The Olathe school district said in a statement Thursday that it does not have a formal policy on how staff should handle a student’s transgender status, and that such a policy has never been approved by the Board of Education. The policy Kobach criticized in the December letter is part of “internal administrative guidelines” for employees to use on a case-by-case basis, the district said.
“As a district, it is always our intention and practice to work directly and partner with individual families and students as situations arise to ensure we provide appropriate and necessary support,” she said. “We trust our staff to put the best interests of families and students at the center of every decision.”
The district added that it first received written information from Kobach on December 11, 2023, and responded to that letter on December 19, 2023.
“Since then, the district has been in regular contact with the Attorney General’s Office to set up a time to meet and discuss any misrepresentations and/or misrepresentations by the Attorney General regarding this matter,” he said. He said he would not be able to meet with a representative of the attorney general’s office on February 2 and offered six additional meeting dates.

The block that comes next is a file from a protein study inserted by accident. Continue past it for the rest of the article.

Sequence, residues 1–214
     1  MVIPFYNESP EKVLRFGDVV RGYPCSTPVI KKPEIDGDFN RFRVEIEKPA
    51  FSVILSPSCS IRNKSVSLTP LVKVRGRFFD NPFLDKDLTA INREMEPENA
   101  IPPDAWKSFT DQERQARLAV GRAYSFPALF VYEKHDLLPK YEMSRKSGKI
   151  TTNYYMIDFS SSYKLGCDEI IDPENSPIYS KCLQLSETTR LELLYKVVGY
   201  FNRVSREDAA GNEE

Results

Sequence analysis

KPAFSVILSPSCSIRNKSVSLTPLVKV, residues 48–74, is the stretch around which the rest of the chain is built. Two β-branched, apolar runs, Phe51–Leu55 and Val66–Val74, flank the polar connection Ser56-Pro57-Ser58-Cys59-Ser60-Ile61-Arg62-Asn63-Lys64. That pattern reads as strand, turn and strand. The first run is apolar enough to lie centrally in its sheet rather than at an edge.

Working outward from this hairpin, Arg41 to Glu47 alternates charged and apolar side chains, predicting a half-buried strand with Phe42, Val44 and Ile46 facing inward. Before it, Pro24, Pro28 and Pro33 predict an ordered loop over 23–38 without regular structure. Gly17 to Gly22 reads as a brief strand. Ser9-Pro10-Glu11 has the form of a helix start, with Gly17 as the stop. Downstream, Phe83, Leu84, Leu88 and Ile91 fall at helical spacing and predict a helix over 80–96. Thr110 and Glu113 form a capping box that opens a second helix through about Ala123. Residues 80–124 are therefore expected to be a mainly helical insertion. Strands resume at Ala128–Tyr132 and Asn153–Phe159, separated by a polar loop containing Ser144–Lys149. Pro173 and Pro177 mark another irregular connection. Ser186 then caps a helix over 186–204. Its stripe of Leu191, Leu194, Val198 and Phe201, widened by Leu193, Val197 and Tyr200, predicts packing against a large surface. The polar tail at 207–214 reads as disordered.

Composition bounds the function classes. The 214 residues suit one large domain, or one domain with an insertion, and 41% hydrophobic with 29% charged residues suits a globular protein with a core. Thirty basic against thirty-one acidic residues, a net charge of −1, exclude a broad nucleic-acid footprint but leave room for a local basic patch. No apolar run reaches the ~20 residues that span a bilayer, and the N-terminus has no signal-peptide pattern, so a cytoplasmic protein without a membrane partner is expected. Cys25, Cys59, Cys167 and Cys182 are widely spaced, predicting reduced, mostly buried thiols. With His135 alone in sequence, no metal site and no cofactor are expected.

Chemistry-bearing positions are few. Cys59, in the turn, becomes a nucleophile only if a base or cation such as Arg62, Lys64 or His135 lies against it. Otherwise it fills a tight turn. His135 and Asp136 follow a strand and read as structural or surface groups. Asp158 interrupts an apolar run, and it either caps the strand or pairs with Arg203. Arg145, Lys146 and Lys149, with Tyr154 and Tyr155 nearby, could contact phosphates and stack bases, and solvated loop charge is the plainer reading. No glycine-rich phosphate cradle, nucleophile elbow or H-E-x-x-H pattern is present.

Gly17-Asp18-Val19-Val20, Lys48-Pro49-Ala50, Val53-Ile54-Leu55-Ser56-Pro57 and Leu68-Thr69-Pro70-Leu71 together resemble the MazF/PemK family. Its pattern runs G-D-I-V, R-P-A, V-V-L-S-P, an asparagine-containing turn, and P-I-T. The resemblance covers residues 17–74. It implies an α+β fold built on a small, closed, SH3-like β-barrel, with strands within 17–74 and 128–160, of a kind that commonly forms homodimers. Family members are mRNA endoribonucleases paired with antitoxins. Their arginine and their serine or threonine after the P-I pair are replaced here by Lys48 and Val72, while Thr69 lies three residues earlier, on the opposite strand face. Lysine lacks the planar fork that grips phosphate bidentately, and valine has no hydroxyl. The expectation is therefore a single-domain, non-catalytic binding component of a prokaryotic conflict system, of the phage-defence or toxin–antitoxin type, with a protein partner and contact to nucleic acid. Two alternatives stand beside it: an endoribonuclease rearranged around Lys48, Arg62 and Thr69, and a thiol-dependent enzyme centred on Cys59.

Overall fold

The Kansas City, Shawnee Mission and Topeka districts did not immediately respond to a request for comment.
However, in December, Shawnee Mission Unified School District Superintendent Michelle Hubbard responded strongly to Kobach’s letter, criticizing her for not providing actual examples of how parents’ rights have been violated by the district’s policy. He said he relied on “misinformation” from “partisan sources” and said students rarely tried to withhold information from their parents, The Associated Press informed.
“We are not polarizing media caricatures, but real people working hard in the face of intense pressure on public schools,” he said, according to the AP.
Kobach’s letter to districts, for example, refers to Parents Defending Education, a conservative group “trying to take back our schools from activists.”